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(OT) Open Source Needs Open Discussion

by InfiniteSilence (Curate)
on Sep 11, 2003 at 19:53 UTC ( #290801=perlmeditation: print w/ replies, xml ) Need Help??

Months ago I researched an open source laboratory information management systems (LIMS) project hosted on Sourceforge (Gnosis LIMS). I work customizing a commercial LIMS so I was excited to see a fully open sourced system. I did not ask to participate in the project mainly because it was Java based and already had lots of developers and two admins. I left this issue alone for six months and came back to see how the project was doing. It went nowhere. Even with half a dozen developers and a project plan no work whatsoever was actually done code-wise. The principal of the project either could not or would not surrender the project to someone able to bring it to completion. My e-mail discussion with him revealed that he was considering giving the project to someone else but had not come to any decision. That was a year ago.

In another instance I found an open source shopping cart system (AgoraCart) that needed what I perceived to be a change to its core code. The script was using $ENV{'SERVER_ADMIN'} for error messages when failing to load libraries rather than using the variable for the admin e-mail in the setup. (On a shared server you have to call the system administrator to change the environment variables passed to your script versus you changing it yourself in the script's configuration file.) When I asked the maintainer to make the change he balked that he would not. I explained that the configuration item in the script was there for this reason. He did not seem to care.

You may be thinking, "If the project is open source, why not just make your own project?" I can answer that with an example: Imagine that there were one hundred Apache projects all using slightly different versions of the same source. Chaos would ensue. Users would become angry. The whole project would dissapate. Open source projects should be like rivers. As they grow they should encompass the knowledge of many participants. A change in the name of a project for a mid-level enhancement divides mindshare. This is because people know something by its name -- it is only human. If the project is known as Quickie-Foobie and you branch off too many times you lose the force of acceptance the product has already gained. You are effectively starting over. So it is best to change those things about the core source of a product that others have found can be improved as time and skill allow.

I have learned the following from my experiences:

A. Popular open source projects are victims of their development strategies.

Gnosis seemed to suffer from "analysis paralysis." There was documentation early on and no actual code or prototype. I think a project that starts purely with documentation in the open source community is doomed to failure. There needs to be a combination of planning and reality. Had they utilized some open type of discussion methodology right from the start along with periodic prototypes they would probably have a working product today.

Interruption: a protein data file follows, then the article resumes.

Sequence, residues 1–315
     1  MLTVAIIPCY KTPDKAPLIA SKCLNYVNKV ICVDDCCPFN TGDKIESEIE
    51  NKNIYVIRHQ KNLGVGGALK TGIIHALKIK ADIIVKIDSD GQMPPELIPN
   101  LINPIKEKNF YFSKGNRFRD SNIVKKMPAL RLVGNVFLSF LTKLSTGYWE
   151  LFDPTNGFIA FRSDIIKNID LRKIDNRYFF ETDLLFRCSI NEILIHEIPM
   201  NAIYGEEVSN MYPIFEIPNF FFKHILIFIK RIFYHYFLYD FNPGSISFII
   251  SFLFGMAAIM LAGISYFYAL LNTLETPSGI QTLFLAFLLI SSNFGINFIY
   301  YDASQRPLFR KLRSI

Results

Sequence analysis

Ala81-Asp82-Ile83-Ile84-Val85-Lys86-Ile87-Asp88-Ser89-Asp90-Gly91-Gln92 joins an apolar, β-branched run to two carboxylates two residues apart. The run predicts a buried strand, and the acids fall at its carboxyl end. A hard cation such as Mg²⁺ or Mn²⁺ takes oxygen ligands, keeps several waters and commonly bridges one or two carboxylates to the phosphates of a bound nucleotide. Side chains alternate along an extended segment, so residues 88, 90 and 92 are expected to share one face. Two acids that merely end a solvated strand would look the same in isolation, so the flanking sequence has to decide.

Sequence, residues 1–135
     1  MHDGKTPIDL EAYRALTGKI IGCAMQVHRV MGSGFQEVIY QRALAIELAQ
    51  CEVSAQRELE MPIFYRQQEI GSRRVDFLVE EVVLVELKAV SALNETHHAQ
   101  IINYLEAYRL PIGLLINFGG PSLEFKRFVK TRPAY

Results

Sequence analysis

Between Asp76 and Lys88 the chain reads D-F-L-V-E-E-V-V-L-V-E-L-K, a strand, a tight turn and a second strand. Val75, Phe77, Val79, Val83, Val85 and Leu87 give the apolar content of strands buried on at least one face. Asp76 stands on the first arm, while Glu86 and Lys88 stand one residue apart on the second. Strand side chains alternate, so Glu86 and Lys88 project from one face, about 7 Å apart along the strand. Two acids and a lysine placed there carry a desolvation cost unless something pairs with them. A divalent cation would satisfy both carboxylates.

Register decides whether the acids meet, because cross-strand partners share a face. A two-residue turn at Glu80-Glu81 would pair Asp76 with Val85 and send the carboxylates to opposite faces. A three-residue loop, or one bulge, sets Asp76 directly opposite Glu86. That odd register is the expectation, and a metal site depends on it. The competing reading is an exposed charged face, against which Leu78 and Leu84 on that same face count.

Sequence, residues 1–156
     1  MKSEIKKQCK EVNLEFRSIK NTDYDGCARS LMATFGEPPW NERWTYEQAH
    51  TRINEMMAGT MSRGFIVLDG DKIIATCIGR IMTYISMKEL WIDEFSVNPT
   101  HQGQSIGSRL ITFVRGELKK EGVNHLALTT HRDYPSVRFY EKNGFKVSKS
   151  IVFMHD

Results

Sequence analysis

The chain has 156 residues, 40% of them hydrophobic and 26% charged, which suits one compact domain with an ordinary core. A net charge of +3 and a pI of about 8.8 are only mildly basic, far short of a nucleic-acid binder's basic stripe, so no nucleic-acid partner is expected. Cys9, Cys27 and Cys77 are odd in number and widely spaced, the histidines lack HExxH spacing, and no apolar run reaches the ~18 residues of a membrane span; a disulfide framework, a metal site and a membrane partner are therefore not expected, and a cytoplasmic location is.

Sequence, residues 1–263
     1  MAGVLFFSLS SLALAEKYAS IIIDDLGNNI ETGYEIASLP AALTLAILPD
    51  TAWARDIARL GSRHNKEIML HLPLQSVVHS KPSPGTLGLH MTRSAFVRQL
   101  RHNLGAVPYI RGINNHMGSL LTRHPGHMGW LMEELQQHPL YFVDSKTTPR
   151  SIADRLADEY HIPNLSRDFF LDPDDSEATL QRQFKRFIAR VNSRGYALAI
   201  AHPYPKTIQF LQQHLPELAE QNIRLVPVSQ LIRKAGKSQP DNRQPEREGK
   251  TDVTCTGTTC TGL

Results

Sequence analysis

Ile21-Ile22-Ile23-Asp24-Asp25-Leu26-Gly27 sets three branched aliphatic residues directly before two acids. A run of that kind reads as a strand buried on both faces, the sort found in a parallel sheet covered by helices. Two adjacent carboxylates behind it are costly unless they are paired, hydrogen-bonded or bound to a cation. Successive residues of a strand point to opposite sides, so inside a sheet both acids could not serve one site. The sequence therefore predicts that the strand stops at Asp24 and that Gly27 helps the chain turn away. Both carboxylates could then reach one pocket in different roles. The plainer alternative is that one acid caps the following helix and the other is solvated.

B. The best strategies utilize structured come-one-come-all approach to enhancements.

Agora is a good example of a script that has captivated many different prosumer type users. One of the most often heard statements from their Yahoo group list participants is that they are not developers. The actual code could use some rewriting but it seems to work. There are quite a few modular enhancements written by the user community, particularly for gateways to credit card processing centers and for shipping, but attempts to actually rewrite the core are largely ignored.

C. There needs to be a framework (or a tool) for open source projects to use that allows for high level discussion of the application

Internet Request for Comments (RFCs) are a good example of this process. Everything is open to discussion and debate. The best technology meets the (hopefully) best minds and is reshaped, not ignored. Many open source projects are ignorant of this long standing example.

We need to have a solid plan for reviewing and accepting issues/problems with core product code. This goes beyond bug tracking. Problems with architecture do not directly map to bugs, but rather are the root cause of many performance and enhancement issues. Open source projects should judge change requests purely on technical merit. The open source community needs to focus more on RFC-like methodologies for source code improvements as well as for actual project planning. This practice needs to be taught alongside the seemingly endless discussions of the benefits of open source development methodology. In short, open source is of limited value unless you have an open type of development coupled with some structured manner of review.

Celebrate Intellectual Diversity

Comment on (OT) Open Source Needs Open Discussion
Re: Open Source Needs Open Discussion
by chromatic (Archbishop) on Sep 11, 2003 at 20:23 UTC